Bases embrace annual Smokeout
STUTTGART, Germany — Air Force Staff Sgt. Travis Rochelle never smoked and never will, yet he decided Thursday morning to make sure his friends stopped.
“Smoking is not good if you’re in the military. It affects your readiness,” said Rochelle, who at 7:30 a.m. was in the Patch Fitness Center with about 250 other people to boost the Great American Smokeout. “I’m here to support people quitting.”
The Great American Smokeout, held for the 27th time and begun by The American Cancer Society, is touted as a day for tobacco users to stop their habit for 24 hours, and then use that as a first step to quitting the use of tobacco products.
For the military, eliminating tobacco use has a more important meaning than just better health, said Marine Col. Richard Mills, U.S. European Command assistant chief of staff.
To stop smoking, Mills said, “is critical.”
“It is critical to military readiness. It is critical to physical and mental health,” said Mills.
Despite the push to eliminate smoking and other forms of tobacco use such as chewing tobacco and snuff, military members light up just as often as people not in the armed services.
“It pretty much mirrors America,” said Terry Gorham, the 6th ASG community health nurse.
Between 26 percent and 28 percent of people use tobacco products, she said, and American troops follow that statistic.
Gorham noted it might be easier to smoke in the military than in a civilian environment.
“I had one reservist come up to me who’s a lawyer. He said he never smokes,” Gorham said, “except when he puts on his BDUs [battle-dress uniform.] It’s just part of the culture.”
Military spouse Erin Collins, 32, who has smoked since she was a teen-ager, decided to give quitting a shot this week.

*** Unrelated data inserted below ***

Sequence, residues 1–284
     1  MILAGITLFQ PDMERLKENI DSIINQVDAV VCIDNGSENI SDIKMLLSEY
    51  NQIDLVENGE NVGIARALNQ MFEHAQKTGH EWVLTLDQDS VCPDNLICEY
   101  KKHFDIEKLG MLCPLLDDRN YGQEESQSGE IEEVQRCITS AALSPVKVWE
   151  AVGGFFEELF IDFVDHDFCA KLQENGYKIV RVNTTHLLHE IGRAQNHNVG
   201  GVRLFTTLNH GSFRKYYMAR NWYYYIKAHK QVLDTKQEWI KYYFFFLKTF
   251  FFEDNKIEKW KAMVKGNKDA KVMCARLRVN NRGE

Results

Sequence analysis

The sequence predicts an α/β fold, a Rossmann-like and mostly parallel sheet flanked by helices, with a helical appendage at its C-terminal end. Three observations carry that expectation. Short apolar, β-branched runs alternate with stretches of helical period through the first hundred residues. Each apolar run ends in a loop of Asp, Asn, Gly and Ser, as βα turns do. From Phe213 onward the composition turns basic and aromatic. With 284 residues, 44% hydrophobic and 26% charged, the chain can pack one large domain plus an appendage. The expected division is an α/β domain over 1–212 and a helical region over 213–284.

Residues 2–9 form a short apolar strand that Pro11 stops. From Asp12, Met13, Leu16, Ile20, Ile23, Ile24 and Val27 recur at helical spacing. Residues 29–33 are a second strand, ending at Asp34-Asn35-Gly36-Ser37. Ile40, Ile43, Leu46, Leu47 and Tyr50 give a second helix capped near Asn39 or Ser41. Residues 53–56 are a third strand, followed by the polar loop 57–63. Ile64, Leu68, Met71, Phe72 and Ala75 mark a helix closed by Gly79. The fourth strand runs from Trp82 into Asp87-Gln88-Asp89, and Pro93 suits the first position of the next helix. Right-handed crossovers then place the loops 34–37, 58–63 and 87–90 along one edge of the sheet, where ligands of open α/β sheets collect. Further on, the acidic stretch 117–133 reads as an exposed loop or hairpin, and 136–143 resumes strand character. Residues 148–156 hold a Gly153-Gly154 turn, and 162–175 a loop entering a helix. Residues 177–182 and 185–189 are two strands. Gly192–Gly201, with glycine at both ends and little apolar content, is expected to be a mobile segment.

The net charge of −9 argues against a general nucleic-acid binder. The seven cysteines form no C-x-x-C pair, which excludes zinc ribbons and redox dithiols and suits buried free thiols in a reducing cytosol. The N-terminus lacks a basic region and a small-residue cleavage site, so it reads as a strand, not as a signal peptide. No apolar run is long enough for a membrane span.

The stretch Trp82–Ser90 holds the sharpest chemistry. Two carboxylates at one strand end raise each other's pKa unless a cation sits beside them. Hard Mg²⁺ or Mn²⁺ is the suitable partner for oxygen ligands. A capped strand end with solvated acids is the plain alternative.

“Now’s a good time as any to stop,” said Collins, who quit before when she was pregnant with her first child.
The problem, Collins said, is to make a new habit out of not smoking.
“I quit before, but then the stress of being a mom and my husband’s deployments made it hard to keep the habit,” she said.
This time, Collins said, she has enlisted several of her friends to help.
“They said they’d take me out, bake me snacks. I think I can do it this time,” Collins said. “I have the support.”
Ralph Blair, a Morale, Welfare and Recreation worker in Heidelberg, has smoked for 20 years and said he won’t change his habit this week, nor does he plan to stop smoking.
“I know it’s bad for me, but I’m not going to quit,” said Blair, 52. “My health is OK and it calms me. Trust me … it’s harder to quit than you can imagine. I’ve tried.”
Stuttgart and the 6th ASG have become one of the toughest nonsmoking communities in the military. Months before a U.S. law took hold that barred smoking within 50 feet of federal buildings, the 6th ASG instituted the policy on its own. The MWR clubs and slot machine rooms went smoke-free, as did all offices. There were not even smoking lounges for smokers, shifting people to smoke outside.
To mark the Great American Smokeout, the 6th ASG had the brief fun run, which was attended by groups of people representing EUCOM, Defense Information Systems Agency, the 57th Signal Corp, students from Patch American High School, the U.S. Air Force and Marine Forces Europe.
Information tables were set up to promote nonsmoking tricks, and lollipops were distributed to fight the oral fixation of sticking a cigarette in one’s mouth.
Those activities are similar to what was held in other military communities.
At the 415th Base Support Battalion in the Kaiserslautern/Landstuhl area, the Kleber Clinic held a breakfast with a speaker who talked about the benefits of a smoke-free lifestyle.
Baumholder held a free bowling night at the Baumholder MWR Bowling Center, which is smoke-free.
The 100th ASG in Grafenwöhr, Vilseck and Hohenfels had a booth at the post exchange where people gave out no-smoking “survival kits,” lollipops and stickers.
Army Pvt. Adrian Royster, assigned to the 587th Signal Company in Stuttgart, attended the 6th ASG’s fun run to support his company and to urge his co-workers to give up smoking.
“You have to support them, but sometimes you have to be tough and honest,” said Royster, who is not a smoker. “If it takes harsh words to get them to quit, then I’ll give them harsh words.”
— Stars and Stripes reporter Rick Scavetta contributed to this report.